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When Fortune Finds Us

History is alive with tales of how merciless and cruel big cities can be.  Whether the evidence is Biblical or anecdotal, we understand that the culture of the city is a culture of machines and finance, two engines that run on the fuel of human souls… if left unchecked.

New York City does not have a gentle, gracious, or generous reputation.  It’s a city that can devour humanity in a way that is different that the slow fade of Los Angeles or the carnival pleasures of Miami.  New York never sleeps, it’s always working, and it’s always ravenous.

This is what makes the story of Christian Lopez so interesting.  Christian is a 23 year-old, single, New Yorker who sells cell phones to pay off his college debt.  Christian also had history fall into his lap yesterday when he became the finder of the ball that came off of the bat of Derek Jeter’s 3,000 major league hit.

The ball featured in most history making hits comes back to the player after the play is over, and the player keeps it for posterity.  Fortunately for the Yankees, and unfortunately for Derek Jeter’s trophy case, his 3,000th hit was a home run.  The ball went into the stands, and Christian Lopez had a decision to make.

Putting the ball up for auction would have yielded at least 6 figures.  It also meant that the ball would go to a private collector, or that Derek Jeter himself would have to pay money for something he created.


Caramel Gold Rush

The phrase, “Worth its weight in gold” is completely overused.  I’ve heard it applied to everything from denim to sparkling cider.

When was the last time that you experienced something so good that someone could have weighed it, then demand payment based on the weight of the item multiplied by the price of gold per ounce?

When you think about it in those terms it becomes difficult to find something that is wonderful, yet not so weighty that it becomes prohibitively expensive.  For example:  I purchased a 12″ Macintosh Powerbook back in 2005.  It was the pinnacle of compact computing, and the best technology purchase I ever made.  Unfortunately, 6 years ago the lightest computer on the planet still weighed 4.9 pounds.  Using the price of Gold per ounce from the year 2005 ($427 per oz.) we can estimate a purchase price of nearly $34,160.00 (shipping included).  While a great computer, it wasn’t worth a year’s salary.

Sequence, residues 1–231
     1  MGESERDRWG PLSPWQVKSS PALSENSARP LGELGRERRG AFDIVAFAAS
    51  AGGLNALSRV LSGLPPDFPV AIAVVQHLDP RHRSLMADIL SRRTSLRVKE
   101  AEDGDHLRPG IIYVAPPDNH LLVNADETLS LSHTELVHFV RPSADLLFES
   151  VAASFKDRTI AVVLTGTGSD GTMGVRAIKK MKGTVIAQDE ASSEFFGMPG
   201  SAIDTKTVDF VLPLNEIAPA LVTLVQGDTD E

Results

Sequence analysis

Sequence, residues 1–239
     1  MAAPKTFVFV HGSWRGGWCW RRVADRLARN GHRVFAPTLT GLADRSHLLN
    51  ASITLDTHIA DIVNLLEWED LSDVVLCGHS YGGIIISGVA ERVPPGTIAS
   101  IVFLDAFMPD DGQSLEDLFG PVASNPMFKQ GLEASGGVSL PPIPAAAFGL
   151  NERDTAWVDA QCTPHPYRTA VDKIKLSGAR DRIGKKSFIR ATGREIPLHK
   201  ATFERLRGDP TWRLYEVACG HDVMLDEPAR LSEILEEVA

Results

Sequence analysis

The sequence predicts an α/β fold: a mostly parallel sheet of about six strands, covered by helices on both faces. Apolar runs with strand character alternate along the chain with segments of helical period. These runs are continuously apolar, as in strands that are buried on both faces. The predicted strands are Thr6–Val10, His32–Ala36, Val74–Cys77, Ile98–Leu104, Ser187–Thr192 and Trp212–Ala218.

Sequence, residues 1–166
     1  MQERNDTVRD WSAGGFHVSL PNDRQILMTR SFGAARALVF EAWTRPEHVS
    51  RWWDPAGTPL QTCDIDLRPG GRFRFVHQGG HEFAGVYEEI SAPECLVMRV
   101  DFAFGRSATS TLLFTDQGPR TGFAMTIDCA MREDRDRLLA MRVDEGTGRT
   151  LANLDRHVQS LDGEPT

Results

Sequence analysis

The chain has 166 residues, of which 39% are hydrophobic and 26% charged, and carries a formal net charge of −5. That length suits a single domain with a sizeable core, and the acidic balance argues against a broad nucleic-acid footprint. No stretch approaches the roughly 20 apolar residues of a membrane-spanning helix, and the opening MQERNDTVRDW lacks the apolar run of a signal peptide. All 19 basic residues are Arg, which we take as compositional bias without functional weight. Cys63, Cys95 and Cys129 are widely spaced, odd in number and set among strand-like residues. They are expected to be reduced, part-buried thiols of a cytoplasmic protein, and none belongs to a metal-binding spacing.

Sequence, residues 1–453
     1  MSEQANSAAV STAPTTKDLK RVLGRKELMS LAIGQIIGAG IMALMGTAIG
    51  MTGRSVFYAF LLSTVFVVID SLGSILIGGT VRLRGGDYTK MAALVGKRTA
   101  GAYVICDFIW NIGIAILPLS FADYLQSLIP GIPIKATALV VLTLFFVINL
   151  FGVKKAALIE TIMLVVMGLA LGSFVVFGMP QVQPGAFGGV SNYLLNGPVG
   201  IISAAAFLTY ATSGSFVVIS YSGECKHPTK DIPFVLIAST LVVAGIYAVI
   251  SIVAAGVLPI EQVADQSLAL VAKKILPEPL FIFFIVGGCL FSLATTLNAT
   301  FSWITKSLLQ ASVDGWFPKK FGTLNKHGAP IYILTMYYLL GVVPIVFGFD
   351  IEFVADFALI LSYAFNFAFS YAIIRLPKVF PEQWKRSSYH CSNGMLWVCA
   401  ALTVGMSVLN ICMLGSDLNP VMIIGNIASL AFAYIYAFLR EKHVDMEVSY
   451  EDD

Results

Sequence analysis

While you may not be willing to pay it, The 4 oz Magnum Ice Cream bar absolutely tastes like $1,500.  It’s that good.  If you think I’m crazy, try finding the Double Caramel bar at your local supermarket.  Right next to the fully stocked Dove and Haagen Dazs Bars you’ll discover an empty shelf with a tag that reads: “Magnum bars, $5.99, box of 3.”

You read that right, on sale you’ll pay two dollars per bar.  That my friends is a deal because they usually cost $3 per.  How can this be?  I’ll tell you, Magnum Bars are the smoothest ice cream you’ve ever had, dipped in the finest, silkiest, Belgian chocolate you’ve ever tasted.  In the case of the Double Caramel, that bar is additionally dipped in two layers of caramel, then dipped again in chocolate.

You’re probably uncontrollably wondering, “If this is true, then why haven’t I heard of this before now?” while salivating like one of Pavlov’s finest.


The Death Of Us All

In December of 2001 I drove my car to see the Fellowship of the Ring.  I bought a tank full of gas and a full price admission for $22.85.  I was cautious yet hopeful because the year in film had not been kind.  Sure kids got the 1st Shrek, 1st Harry Potter, and Monsters Inc, but adults got The Mummy Returns, Hannibal, Jurassic Park III, Pearl Harbor, and wait for it… Tim Burton’s Planet of the Apes.

It was the summer of patriotic bombs, Indiana Jones rip offs, brains for dinner, and Aperham Lincoln.

If it’s surprising that the first film in Jackson’s Rings Trilogy will be 10 years old this year, consider how much has changed since The Fellowship was released 3 months after America was reminded that the world was still a dark and dangerous place:  Gasoline and milk are now roughly the same price per gallon, everyone owns an iPod, and Peter Jackson’s weight is more Gollum than Gimli.


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